Contemporary - The Great Salt Lake

Since the last Lake Bonneville stage (Gilbert), the Great Salt Lake has fluctuated between lows of 1277m (4191 ft) and highs of 1285m (4217 ft) above sea level. Low levels within the lake have been found by shallow-water sediments in cores from the bed of the lake, and by polygonal networks of giant desiccation cracks which cover extensive areas of the lake bottom. The 1285m high stand level is controlled by a pair of low topographic divides that separate the Great Salt Lake (GSL) and the GSL Desert basin to the west. At the 1285m elevation the area of the GSL increases from its average 4506 square km (2800 sq mi) to 5955 sq km (3700 sq mi.)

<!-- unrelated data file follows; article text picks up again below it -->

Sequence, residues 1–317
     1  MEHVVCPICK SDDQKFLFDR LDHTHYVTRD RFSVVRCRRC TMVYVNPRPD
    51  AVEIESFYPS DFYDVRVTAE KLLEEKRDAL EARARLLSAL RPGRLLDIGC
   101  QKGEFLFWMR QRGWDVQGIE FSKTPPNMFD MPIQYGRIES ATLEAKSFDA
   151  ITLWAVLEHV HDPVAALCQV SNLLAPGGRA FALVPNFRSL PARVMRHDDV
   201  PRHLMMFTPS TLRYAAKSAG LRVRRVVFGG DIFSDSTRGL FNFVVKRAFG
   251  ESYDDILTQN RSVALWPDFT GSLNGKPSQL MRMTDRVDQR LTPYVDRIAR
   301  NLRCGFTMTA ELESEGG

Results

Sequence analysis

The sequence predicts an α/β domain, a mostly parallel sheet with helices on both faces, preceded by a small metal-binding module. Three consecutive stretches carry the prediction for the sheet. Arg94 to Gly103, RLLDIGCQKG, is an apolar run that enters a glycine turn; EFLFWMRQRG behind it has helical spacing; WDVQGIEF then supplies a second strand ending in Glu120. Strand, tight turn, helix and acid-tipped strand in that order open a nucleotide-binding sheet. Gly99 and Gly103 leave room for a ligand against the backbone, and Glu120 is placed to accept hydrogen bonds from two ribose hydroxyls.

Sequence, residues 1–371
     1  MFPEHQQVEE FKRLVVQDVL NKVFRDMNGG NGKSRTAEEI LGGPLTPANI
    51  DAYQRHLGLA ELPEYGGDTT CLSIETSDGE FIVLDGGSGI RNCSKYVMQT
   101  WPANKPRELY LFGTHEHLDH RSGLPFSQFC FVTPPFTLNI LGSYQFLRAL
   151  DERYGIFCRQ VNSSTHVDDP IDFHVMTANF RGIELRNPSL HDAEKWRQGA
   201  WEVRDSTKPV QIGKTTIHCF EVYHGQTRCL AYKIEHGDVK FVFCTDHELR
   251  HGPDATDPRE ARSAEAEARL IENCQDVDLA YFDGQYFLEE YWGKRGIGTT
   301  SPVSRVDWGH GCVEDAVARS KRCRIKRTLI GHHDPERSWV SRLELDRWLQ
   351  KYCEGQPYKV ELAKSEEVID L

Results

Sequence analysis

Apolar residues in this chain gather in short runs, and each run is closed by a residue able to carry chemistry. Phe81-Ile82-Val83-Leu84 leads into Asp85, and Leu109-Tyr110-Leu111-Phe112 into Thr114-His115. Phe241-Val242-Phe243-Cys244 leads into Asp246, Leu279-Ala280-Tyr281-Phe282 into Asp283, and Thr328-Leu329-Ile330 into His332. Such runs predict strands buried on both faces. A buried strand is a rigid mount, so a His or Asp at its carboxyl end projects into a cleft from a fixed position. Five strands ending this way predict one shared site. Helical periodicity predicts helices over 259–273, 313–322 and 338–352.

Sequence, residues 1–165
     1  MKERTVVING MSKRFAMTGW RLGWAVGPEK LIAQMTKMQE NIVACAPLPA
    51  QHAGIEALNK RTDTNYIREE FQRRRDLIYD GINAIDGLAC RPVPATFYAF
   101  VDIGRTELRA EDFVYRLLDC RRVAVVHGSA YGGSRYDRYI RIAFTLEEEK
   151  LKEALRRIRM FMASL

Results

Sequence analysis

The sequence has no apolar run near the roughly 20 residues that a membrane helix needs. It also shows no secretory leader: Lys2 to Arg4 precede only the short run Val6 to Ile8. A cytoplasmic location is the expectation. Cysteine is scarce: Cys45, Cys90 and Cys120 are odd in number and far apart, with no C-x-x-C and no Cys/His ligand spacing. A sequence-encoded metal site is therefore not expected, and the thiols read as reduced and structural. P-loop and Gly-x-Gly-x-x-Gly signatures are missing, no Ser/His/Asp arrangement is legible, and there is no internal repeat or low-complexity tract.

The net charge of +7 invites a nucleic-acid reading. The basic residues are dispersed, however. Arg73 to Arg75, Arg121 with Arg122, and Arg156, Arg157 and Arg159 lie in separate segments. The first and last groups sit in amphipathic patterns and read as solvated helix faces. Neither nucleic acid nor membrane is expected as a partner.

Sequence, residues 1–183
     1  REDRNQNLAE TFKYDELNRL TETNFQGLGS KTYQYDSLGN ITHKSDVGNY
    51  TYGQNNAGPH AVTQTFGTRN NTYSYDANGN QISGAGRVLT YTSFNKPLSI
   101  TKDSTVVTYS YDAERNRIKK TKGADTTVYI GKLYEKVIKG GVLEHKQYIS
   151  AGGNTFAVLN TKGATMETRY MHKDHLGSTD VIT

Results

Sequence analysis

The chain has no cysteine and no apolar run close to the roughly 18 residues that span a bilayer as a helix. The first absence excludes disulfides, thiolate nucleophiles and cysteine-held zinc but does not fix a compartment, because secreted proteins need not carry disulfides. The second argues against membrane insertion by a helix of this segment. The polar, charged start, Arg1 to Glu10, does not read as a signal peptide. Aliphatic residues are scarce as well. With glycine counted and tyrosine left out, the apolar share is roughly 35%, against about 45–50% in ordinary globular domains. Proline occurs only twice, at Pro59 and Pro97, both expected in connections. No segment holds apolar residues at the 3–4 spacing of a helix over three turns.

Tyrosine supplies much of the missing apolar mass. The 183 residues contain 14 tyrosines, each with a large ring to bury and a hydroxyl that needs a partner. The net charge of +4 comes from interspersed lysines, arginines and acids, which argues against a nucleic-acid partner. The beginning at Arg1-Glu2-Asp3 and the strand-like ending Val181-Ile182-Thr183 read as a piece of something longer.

Because the GSL basin is topographically closed the only outlet for water when it was at its highest stages was through the Red Rock Pass, now the only outlet is through evaporation.

  This image shows the outlines of the Great Salt Lake at its low of 4191 meters above sea level and high of 4217 meters above sea level, in dark and light blue respectively.

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